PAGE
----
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Syzygies Smoking Pot

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On 9/27/2016 at 8:29 AM, HalfSmoke said:

The cold smoker can be used at any temp. Basically, you are generating the smoke externally to the KK by smoldering wood in the cold smoker tube and then forcing the smoke into the chamber via an air pump. Because it isn't adding heat to the cook chamber, you can use it for cold smoking (e.g. cheese, fish), but it also works at high temps as well. You control the smoke intensity.

The smoke pot is also a great innovation, but you probably won't use it above 300 degrees or so because you want the wood inside to smolder, not burst into flames. The smoke pot isn't controllable -- once you place it in the chamber you get what you get until it is done -- and it can't be used for cold smoking because you need a fire underneath it to keep the smoke cranking. These limitations aside, the smoke pot is extremely simple, inexpensive, and produces the highly desirable thin blue smoke we all crave.

So...do you need the smoke pot if you have the cold smoker? Not really, but for only $20 or so it's nice to have around. I can see plenty of times I'll use the smoke pot where I don't want to mess with the cold smoker. For example, an overnight cook where I don't need to control the smoke, but I do want to control the temp using a BBQ guru.

I vote for both.

Yes. The cold smoker sounds to me like the BBQ Guru: One doesn't need either, but if one has either, and doesn't mind the setup, it nails the problem.

I haven't tried the cold smoker yet, though I've been on the verge of buying one. I keep thinking that it doesn't solve any problems for me that I don't already have covered (I don't actually want to cold smoke). On the other hand, for introducing smoke to higher temp cooks where I wouldn't have dared before, or for fresh smoke toward the end of a long cook? I'd believe it if someone told me that the cold smoker makes better brisket, and that alone would be a justification. This is an empirical question...

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For me the cold smoker was an easy sell because I do like to smoke cheese. But I'm with you on the rest. For low and slow I think the smoke pot covers it very well. For higher temps, if I use smoke I'll often toss a chunk of wood directly on the lump. Yes, the smoke intensity is off the charts, but it isn't on that long. Will take some playing around to see what the advantages are of the cold smoker at these temps.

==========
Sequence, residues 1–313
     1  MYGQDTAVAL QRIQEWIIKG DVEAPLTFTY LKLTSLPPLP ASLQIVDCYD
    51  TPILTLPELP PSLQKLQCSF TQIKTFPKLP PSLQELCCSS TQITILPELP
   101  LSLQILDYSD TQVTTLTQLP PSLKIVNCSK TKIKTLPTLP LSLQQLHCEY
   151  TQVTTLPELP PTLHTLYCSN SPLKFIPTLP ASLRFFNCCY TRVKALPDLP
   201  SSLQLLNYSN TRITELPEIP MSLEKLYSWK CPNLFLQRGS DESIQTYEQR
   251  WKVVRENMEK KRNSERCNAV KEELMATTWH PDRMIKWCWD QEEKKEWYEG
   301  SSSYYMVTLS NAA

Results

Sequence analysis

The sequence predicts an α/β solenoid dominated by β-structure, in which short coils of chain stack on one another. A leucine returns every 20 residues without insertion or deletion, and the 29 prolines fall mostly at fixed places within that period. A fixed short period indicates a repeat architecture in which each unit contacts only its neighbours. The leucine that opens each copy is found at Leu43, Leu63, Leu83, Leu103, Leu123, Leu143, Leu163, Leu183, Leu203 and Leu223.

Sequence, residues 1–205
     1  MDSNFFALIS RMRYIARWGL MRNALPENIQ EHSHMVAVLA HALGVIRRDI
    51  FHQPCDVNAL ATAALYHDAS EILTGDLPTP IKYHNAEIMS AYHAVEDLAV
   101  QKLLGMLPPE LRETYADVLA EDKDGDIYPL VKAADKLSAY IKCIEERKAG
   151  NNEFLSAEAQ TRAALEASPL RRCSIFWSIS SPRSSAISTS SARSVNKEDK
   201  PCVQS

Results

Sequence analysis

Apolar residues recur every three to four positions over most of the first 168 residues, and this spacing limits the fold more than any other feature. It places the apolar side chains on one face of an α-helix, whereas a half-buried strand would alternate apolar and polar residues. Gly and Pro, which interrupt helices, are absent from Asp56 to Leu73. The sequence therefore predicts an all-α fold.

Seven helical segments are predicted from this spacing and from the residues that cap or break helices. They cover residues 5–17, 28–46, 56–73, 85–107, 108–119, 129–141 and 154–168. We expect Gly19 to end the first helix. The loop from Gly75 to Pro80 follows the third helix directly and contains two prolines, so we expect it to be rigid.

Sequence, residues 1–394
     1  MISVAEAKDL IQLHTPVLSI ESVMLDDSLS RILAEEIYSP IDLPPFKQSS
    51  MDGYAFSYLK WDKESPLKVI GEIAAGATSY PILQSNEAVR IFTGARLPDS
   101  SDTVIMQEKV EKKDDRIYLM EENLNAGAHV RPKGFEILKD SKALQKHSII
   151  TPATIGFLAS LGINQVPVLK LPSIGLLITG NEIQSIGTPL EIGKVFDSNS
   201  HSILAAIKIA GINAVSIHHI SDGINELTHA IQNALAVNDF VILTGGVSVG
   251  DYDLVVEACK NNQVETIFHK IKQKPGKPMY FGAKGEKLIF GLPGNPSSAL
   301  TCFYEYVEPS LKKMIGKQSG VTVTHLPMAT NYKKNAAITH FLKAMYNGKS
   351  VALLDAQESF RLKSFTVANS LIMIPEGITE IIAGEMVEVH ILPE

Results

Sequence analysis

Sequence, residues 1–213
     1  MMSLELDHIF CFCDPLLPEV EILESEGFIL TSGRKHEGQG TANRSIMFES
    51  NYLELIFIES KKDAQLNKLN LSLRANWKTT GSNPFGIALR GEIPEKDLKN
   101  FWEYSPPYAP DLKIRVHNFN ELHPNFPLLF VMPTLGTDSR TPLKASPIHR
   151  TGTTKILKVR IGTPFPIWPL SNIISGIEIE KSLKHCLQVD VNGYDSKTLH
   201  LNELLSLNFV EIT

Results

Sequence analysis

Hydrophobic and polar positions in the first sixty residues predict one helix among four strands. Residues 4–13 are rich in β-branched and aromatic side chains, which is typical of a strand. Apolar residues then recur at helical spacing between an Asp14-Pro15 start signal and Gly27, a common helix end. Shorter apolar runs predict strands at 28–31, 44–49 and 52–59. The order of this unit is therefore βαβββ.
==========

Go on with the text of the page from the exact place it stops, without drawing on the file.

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On 9/30/2016 at 3:10 PM, ckreef said:

Just think instead of smoking pot now we can smoke a pipe. 

Maybe we should put the pot in the pipe before smoking - just sayin ....... 






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Used the "smoke pipe bomb" the other night with peach wood on a nice tri-tip steak.  Heated the grill up to 300* F.  Put the pipe on top of the coals, installed the cooking grate & the meat.

Again there was no smoke for about 15 minutes................compared to dutch oven pot that started smoking right away.  When the smoke started, it was a nice clear colored smoke.  It didn't last more than 10 -12 minutes but it was the right amount of smoke for the tri-tip.   

The black iron pipe showed no signs of manufacturing oils and burned clean.  Actually started to show some rust on the threads.  Not concerned at all about using it on a regular basis. 

I did stuff it full of wood chips, so it is definitely not something you would use if you wanted prolonged smoke during your cook.  Is perfect for those quick cooks needed a hint of smoke. 

The tri-tip was pulled at 140*F IT and had a nice smokey touch.  Had some cold left overs in a salad the next day where I could really taste the peach smoke.  Still very good smoke flavor . 

Plan on using the smoke pipe a lot for the meats/cooks that don't require much smoke _ FYI

Another Quick Aside...............when I'm standing at the grill while smoking meats, getting covered with and breathing the smoke, I have a hard time tasting the smoke flavor when eating the food.  It isn't until I eat left overs the next day that I can really appreciate the added smoke goodness.  Guess the grill smoke effects my taste buds in the short term.



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